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A woman opens her own detective agency in Botswana.
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1  
2009  
Nominated for 3 Primetime Emmys. Another 3 wins & 13 nominations. See more awards »

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Cast

Series cast summary:
...
 Precious Ramotswe (7 episodes, 2008-2009)
...
 Grace Makutsi (7 episodes, 2008-2009)
...
 JLB Matekoni (7 episodes, 2008-2009)
Desmond Dube ...
 BK (7 episodes, 2008-2009)
Thabo Malema ...
 Charlie / ... (5 episodes, 2008-2009)
Tau Maserumule ...
 Fanwell / ... (5 episodes, 2008-2009)
Lebogang Motubudi ...
 Richard Makutsi (4 episodes, 2009)
...
 Mr. Patel (3 episodes, 2009)
Brenda Ngxoli ...
 Florence Peko (3 episodes, 2009)
Dipshika Mahajan ...
 Nandira Patel (3 episodes, 2009)
Mosako Mogara ...
 Wellington (3 episodes, 2009)
Kgomotso Delia Tshwenyego ...
 Rose / ... (3 episodes, 2008-2009)
...
 Cephas Buthelezi (2 episodes, 2009)
Vusi Kunene ...
 Doctor Gulubane (2 episodes, 2008-2009)
...
 Note Makoti (2 episodes, 2008-2009)
Kenneth Nkosi ...
 Two Shots Pulani (2 episodes, 2009)
Keketso Semoko ...
 Mma Potokwane (2 episodes, 2009)
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Storyline

After her father's death, sensible and cheerful Mma Precious Ramotswe sells her inherited cattle and opens the country's only female-owned detective agency. She hires Botswana Secretarial College graduate (97% in the final exams!) Grace Makutsi as her assistant. Together they solve problems big and small with their wisdom, big hearts, and endless cups of red-bush tea. Meanwhile, Mma Ramotswe's best friend, mechanic Mr. JLB Matekoni, hopes for a chance to win her heart... Based on Alexander McCall Smith's best-selling book series. Written by L. Hamre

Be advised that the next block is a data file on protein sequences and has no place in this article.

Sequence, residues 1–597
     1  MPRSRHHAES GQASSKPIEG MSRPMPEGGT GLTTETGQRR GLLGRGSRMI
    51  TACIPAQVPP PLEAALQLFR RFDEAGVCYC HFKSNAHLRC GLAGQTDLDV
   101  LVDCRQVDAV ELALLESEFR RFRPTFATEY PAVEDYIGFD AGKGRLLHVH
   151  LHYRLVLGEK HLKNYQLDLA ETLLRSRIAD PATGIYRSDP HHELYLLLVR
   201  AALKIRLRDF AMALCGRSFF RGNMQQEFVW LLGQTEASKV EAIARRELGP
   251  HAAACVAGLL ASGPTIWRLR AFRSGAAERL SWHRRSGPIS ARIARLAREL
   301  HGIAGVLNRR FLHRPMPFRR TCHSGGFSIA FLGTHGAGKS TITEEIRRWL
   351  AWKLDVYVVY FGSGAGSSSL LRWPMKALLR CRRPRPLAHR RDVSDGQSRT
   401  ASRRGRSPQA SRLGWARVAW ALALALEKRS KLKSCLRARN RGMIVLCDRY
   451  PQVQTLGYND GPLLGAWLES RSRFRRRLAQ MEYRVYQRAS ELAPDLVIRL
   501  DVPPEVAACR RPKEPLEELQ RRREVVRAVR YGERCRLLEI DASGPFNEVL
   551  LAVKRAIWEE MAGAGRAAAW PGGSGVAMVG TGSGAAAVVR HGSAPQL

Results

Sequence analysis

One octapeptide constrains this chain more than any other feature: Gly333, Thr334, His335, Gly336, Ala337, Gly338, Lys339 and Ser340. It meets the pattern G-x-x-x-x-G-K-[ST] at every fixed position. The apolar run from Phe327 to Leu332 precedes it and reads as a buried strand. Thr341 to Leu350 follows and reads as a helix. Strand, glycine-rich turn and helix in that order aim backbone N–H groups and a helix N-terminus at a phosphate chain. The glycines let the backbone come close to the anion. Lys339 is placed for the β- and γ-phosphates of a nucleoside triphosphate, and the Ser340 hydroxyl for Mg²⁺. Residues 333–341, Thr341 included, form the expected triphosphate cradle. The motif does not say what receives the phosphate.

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Release Date:

29 March 2009 (USA)  »

Also Known As:

A Agência Nº1 de Mulheres Detectives  »

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1.78 : 1
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Did You Know?

Trivia

When cast, both of the lead actresses in this series were a little better-known for their professional singing than for their film or TV acting careers. Jill Scott was most famous as a Grammy-winning R&B and soul singer, though she had also been a spoken-word performer and poet and a stage actress. Anika Noni Rose won a Tony Award for Best Performance by a Featured Actress in a Musical for the Broadway show "Caroline, or Change," and also appeared in singing roles in Dreamgirls (2006) and (after starting The No. 1 Ladies' Detective Agency (2008)) The Princess and the Frog (2009). See more »

Connections

Referenced in Breaking and Entering (2006) See more »

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User Reviews

 
Much more than just charming
16 June 2009 | by (United States) – See all my reviews

I had heard so much about the books that I was looking forward to the pilot episode and I have not been disappointed since. I eagerly awaited each episode in the (first) season to see how the various relationships would develop, to see if there would be answers given to unanswered questions and to see how Precious would solve the next case. I've seen all the episodes in the first season, and now I want more. I hope to read the books sometime, but my review is from the perspective of someone who has not read them.

I agree that this series is not heavy, but it does have depth and complexity. It is not pablum and it is not Murder She Wrote, although there are similarities. In some ways, it's a bit more like Law & Order: Special Victims Unit where the detectives' past experiences and current lives are also a part of the ongoing story, even though each episode is centered on a couple of mysteries.